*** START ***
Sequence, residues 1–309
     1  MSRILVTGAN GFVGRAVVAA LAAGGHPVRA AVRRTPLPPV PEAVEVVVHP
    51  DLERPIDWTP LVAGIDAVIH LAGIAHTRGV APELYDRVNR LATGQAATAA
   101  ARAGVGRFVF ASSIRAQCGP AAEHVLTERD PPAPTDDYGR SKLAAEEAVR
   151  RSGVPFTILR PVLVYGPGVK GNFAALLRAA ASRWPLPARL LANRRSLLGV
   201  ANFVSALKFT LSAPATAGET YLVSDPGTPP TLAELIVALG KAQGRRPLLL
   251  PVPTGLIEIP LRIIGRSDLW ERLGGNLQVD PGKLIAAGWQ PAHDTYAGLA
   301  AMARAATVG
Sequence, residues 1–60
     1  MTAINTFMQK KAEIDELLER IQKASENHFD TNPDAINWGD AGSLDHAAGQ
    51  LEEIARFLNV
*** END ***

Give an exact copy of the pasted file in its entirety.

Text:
Sequence, residues 1–309
     1  MSRILVTGAN GFVGRAVVAA LAAGGHPVRA AVRRTPLPPV PEAVEVVVHP
    51  DLERPIDWTP LVAGIDAVIH LAGIAHTRGV APELYDRVNR LATGQAATAA
   101  ARAGVGRFVF ASSIRAQCGP AAEHVLTERD PPAPTDDYGR SKLAAEEAVR
   151  RSGVPFTILR PVLVYGPGVK GNFAALLRAA ASRWPLPARL LANRRSLLGV
   201  ANFVSALKFT LSAPATAGET YLVSDPGTPP TLAELIVALG KAQGRRPLLL
   251  PVPTGLIEIP LRIIGRSDLW ERLGGNLQVD PGKLIAAGWQ PAHDTYAGLA
   301  AMARAATVG
Sequence, residues 1–60
     1  MTAINTFMQK KAEIDELLER IQKASENHFD TNPDAINWGD AGSLDHAAGQ
    51  LEEIARFLNV